On the main repo, you can use
git status to ensure a clean slate.
Then, you may do one of the following:
Xamarin.Android.slninto Xamarin Studio and Build the project.
Mono.Androidproject may fail on the first build because it generates sources, and those sources won't exist on the initial project load. Rebuild the project should this happen.
Linux build notes
If you have the
binfmt_misc module enabled with any of Mono or Wine installed and
you plan to cross-build the Windows compilers and tools (by enabling the
mxe-Win64 host targets) as well as LLVM+AOT targets, you will need to disable
binfmt_misc for the duration of the build or the Mono/LLVM configure scripts will
fail to detect they are cross-compiling and they will produce Windows PE executables
for tools required by the build.
binfmt_misc you need to issue the following command as root:
echo 0 > /proc/sys/fs/binfmt_misc/status
and to enable it again, issue the following command:
echo 1 > /proc/sys/fs/binfmt_misc/status
macOS Build Notes
monodroid.projitems project files, among
others, use the
@(RequiredProgram) build action to check for the existence
of a program within
$PATH during the build. If a required program doesn't
exist, then the build will fail and a suggested
brew install command line
will be provided to install the missing commands.
brew install commands:
brew install cmake brew install libtool brew install p7zip brew install gdk-pixbuf brew install gettext brew install coreutils brew install findutils brew install gnu-tar brew install gnu-sed brew install gawk brew install gnutls brew install gnu-indent brew install gnu-getopt brew install intltool brew install scons brew install wget brew install xz
If any program is still not found, try to ensure it's linked via:
brew link <package name>
Build Output Directory Structure
There are two configurations,
Release, controlled by the
$(Configuration) MSBuild property.
bin\Build$(Configuration) directory, e.g.
artifacts needed for building the repository. They should not be needed
for later execution.
bin\$(Configuration) directory, e.g.
redistributable artifacts, such as tooling and runtimes. This directory
acts as a local installation prefix, in which the directory structure
mirrors that of the OS X Xamarin.Android.framework directory structure:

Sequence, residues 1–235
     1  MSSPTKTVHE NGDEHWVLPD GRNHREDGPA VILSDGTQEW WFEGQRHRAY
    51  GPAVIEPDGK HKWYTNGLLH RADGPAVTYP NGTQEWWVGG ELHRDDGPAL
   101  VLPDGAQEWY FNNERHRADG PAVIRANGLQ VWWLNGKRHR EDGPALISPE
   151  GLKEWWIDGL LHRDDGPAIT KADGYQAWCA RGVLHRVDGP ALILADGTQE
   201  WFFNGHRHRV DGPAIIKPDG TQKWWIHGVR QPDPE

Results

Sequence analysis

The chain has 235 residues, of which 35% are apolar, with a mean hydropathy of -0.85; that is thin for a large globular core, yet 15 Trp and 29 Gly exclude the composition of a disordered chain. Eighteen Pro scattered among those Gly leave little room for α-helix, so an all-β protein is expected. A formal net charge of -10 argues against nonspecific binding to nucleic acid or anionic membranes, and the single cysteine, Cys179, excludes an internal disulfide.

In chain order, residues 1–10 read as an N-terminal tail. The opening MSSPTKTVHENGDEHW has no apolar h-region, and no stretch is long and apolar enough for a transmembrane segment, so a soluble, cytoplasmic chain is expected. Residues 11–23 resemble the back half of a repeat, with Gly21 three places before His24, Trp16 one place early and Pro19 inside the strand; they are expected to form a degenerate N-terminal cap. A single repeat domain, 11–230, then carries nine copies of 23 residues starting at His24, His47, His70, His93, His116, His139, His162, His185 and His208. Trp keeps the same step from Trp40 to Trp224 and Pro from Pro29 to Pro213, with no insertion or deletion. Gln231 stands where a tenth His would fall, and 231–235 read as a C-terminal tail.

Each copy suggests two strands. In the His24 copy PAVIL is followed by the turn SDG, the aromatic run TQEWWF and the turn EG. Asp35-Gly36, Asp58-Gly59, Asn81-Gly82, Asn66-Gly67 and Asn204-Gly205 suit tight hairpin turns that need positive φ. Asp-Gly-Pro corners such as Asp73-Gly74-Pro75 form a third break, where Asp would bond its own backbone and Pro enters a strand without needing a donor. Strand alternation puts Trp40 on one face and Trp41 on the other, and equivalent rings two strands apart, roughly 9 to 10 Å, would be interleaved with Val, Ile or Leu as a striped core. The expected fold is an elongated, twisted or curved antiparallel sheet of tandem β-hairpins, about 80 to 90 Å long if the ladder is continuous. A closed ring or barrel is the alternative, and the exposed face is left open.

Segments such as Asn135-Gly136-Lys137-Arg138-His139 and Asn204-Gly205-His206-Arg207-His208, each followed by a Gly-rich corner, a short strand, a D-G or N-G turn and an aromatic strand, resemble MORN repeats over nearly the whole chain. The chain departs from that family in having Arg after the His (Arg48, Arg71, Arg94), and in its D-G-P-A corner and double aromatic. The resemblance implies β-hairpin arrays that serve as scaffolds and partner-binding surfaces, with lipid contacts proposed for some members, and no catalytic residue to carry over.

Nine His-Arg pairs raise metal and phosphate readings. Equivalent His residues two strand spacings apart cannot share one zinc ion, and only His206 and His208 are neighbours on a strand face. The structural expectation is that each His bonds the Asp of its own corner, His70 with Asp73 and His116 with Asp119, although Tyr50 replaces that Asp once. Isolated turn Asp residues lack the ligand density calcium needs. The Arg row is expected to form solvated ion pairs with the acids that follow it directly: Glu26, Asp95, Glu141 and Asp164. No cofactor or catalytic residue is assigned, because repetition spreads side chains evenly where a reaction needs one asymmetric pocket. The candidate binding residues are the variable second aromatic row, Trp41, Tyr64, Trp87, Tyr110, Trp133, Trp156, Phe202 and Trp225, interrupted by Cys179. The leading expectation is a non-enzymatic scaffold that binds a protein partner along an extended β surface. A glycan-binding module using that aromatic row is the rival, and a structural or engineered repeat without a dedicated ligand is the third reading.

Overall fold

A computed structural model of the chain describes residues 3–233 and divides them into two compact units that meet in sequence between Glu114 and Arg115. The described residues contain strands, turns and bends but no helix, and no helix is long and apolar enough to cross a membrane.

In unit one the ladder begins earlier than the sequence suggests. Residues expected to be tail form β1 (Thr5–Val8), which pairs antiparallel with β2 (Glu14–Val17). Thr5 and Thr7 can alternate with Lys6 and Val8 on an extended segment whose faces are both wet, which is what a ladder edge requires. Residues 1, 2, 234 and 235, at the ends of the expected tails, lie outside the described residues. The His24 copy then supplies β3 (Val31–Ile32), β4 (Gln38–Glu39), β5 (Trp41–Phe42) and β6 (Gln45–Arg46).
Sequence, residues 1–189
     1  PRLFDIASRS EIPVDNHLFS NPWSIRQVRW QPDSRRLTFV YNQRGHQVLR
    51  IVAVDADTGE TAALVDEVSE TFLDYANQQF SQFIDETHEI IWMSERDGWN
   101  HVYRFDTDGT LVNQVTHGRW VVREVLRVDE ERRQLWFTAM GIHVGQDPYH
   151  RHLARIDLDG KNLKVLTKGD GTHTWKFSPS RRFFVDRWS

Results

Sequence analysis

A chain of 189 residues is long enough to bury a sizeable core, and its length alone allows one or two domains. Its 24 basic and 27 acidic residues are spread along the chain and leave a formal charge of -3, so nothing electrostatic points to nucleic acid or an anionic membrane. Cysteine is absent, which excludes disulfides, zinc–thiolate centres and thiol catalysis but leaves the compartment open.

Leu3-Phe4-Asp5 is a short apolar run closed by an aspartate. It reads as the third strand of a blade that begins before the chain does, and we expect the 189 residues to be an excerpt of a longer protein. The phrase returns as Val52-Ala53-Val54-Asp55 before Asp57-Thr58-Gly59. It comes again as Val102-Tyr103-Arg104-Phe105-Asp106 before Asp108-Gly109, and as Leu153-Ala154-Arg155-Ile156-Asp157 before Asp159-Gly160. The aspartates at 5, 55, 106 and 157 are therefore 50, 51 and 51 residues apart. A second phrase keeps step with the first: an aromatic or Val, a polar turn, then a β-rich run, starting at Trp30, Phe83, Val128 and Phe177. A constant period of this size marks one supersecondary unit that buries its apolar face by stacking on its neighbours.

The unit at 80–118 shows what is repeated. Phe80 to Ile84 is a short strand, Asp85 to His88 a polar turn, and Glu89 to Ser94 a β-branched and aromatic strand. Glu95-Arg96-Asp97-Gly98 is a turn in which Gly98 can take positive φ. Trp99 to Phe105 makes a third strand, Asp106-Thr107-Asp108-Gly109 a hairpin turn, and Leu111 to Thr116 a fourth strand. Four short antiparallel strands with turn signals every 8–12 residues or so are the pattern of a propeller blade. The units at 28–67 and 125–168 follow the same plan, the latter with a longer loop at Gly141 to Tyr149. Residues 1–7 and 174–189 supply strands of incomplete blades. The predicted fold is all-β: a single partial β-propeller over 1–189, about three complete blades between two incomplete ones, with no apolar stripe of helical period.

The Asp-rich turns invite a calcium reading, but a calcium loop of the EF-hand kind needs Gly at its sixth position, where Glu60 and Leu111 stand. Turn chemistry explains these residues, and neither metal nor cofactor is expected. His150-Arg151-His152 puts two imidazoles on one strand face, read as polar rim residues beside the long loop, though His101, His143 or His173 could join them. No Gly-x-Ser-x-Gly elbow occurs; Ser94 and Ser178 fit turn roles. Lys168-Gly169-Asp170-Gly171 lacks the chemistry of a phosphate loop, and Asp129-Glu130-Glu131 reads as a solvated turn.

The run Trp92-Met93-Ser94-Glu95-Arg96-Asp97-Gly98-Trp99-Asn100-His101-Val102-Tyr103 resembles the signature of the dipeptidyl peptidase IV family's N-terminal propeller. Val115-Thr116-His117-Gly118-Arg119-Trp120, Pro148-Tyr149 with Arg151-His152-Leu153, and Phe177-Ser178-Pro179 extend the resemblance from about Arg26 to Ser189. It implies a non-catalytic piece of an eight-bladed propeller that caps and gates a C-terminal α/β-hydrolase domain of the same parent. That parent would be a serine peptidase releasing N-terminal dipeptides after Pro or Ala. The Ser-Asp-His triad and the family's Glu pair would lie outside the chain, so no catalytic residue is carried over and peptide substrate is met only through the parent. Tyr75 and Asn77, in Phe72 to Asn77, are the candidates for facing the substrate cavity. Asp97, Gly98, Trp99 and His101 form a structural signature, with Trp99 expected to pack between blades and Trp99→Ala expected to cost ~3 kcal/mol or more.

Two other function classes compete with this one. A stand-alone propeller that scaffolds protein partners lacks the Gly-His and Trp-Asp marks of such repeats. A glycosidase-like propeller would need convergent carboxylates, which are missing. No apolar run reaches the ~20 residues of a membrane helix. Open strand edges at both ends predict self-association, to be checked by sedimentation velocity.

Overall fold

bin\$(Configuration)\lib\xbuild\Xamarin\Android: MSBuild-related support files and required runtimes used by the MSBuild tooling.
bin\$(Configuration)\lib\xbuild-frameworks\MonoAndroid: Xamarin.Android profiles.
bin\$(Configuration)\lib\xbuild-frameworks\MonoAndroid\v1.0: Xamarin.Android Base Class Library assemblies such as
Mono.Android.dllfor a given Xamarin.Android
Xamarin.Android uses the MSBuild
to provide a separate
Mono.Android.dll binding assembly for each API
This means there is no single
Mono.Android.dll, there is instead a set
This complicates the "mental model" for the
Mono.Android project, as
a project can have only one output, not many (...within reason...).
As such, building the
Mono.Android project will only generate a single
To control which API level is bound, set the
$(AndroidApiLevel) is the
Android API level, usually a number, while
is the Xamarin.Android
The default values will target Android API-24, Android 7.0.
For example, to generate
Mono.Android.dll for API-19 (Android 4.4):
cd src/Mono.Android xbuild /p:AndroidApiLevel=19 /p:AndroidFrameworkVersion=v4.4 # creates bin\Debug\lib\xbuild-frameworks\MonoAndroid\v4.4\Mono.Android.dll
$ tools/scripts/xabuild /t:SignAndroidPackage samples/HelloWorld/HelloWorld.csproj
xabuild /t:SignAndroidPackage will generate an
.apk file, which may be
installed onto an Android device with the
$ adb install samples/HelloWorld/bin/Debug/com.xamarin.android.helloworld-Signed.apk
HelloWorld may be launched manually through the Android app launcher,
adb shell am:
$ adb shell am start com.xamarin.android.helloworld/example.MainActivity
To discuss this project, and participate in the design, we use the email@example.com mailing list.
We use Mono's Coding Guidelines.
We use Bugzilla to track issues.